Being around the new iPad a lot recently (though not owning one), aiding my wife in the procurement of her own iPhone (which I do own) and having my beloved Kindle crap out and then get replaced very quickly by Amazon, I’ve thought a lot about the intersection of these devices’ functionalities, and what might improve one or the other to make one or the other less necessary — or at least less lust-worthy.
I think I know. I adore my Kindle, and I do not at all wish it were a better Web browsing device or email device. I mean, those things would be fine, but I want my Kindle specifically for reading things longer than Tumblr posts. The rest is gravy. So the question is what is Kindle missing that would aid in that particular function?
Let’s presume for now that its basic book-reading functions are essentially unimpeachable. It has a high-contrast E-ink screen that has no glare problems, no backlighting to cause eye fatigue, and refreshes at an acceptably quick rate.
On top of that, one can read and subscribe to periodicals. (We’ll set aside for the moment that the Kindle iPhone app does not support those subscriptions, and concentrate on the device itself.) Among those most valuable to me is the self-curated Instapaper, a service that allows one to collect long-form reading from across the Web, and have it packaged in a highly-readable format in one central location, be it the iPhone app, on the Web, or sent to one’s Kindle (my favorite option).
The problem for me, I’ve discovered, is that Instapaper collections must be sent to the Kindle, as opposed to the iPhone app, which updates in real time. I send an article in my browser to Instapaper, and seconds later it’s in the app. But for Kindle, it must be e-mailed, and it must travel with one’s entire Instapaper collection at that. So no more than once per day, the Instapaper service automatically sends your Kindle everything in your collection (presuming you have new material in it). Add something to the collection minutes later, and you have to wait until tomorrow to see it on your Kindle, unless you log in on the Web and manually send it yourself.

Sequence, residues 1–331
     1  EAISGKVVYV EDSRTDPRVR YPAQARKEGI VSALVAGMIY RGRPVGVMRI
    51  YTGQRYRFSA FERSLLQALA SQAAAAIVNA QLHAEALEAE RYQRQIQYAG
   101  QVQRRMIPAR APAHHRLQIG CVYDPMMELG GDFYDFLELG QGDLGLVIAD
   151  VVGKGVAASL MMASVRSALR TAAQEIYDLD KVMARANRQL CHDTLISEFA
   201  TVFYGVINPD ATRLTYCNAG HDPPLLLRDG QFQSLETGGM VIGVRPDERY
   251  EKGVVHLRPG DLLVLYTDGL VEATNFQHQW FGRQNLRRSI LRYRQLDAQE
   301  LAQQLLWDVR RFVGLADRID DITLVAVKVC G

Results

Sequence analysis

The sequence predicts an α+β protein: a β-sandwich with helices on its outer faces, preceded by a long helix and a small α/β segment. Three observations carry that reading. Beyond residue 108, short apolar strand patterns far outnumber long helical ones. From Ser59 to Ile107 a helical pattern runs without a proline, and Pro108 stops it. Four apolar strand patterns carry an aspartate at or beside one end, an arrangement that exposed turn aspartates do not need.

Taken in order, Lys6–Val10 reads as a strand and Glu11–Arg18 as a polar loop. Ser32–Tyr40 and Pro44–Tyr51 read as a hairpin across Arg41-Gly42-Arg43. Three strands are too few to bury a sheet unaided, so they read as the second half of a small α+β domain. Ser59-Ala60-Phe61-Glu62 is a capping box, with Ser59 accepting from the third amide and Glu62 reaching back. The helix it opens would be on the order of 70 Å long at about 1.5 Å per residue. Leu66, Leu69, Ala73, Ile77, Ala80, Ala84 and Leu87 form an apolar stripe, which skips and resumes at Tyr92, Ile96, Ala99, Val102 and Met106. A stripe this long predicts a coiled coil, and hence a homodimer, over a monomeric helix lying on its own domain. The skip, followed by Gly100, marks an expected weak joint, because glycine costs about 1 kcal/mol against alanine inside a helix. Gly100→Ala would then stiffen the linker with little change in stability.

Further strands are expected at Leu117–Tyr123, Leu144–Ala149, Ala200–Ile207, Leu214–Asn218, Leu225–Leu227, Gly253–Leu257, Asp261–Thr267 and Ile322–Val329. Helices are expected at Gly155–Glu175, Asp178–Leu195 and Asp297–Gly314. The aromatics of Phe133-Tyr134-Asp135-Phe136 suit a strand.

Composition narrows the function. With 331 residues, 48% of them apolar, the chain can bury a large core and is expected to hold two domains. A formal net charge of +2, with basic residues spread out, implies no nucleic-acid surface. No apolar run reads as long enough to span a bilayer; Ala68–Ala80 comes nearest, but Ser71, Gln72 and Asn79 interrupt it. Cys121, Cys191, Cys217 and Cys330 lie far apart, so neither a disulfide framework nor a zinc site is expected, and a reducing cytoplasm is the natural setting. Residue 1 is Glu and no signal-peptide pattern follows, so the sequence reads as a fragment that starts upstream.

What the Kindle needs, then, is live updating of online content. Not a daily digest, but a real-time reflection of one’s collection. This could happen either by new functionality of the Kindle device itself, or via an Instapaper-specific app native to the Kindle (thus ending the need to e-mail oneself one’s content, a means which feels more and more antiquated with every passing day).
This added functionality would of course not only serve Instapaper well, but all sorts of periodicals and blogs that people would rather read on their Kindles instead of on backlit screens. I don’t pretend to know what kind of pressure this would put on the blessedly-free 3G Internet connection the Kindle provides, but even if it were a Wi-Fi-only feature, it would make the Kindle far more valuable than it already is.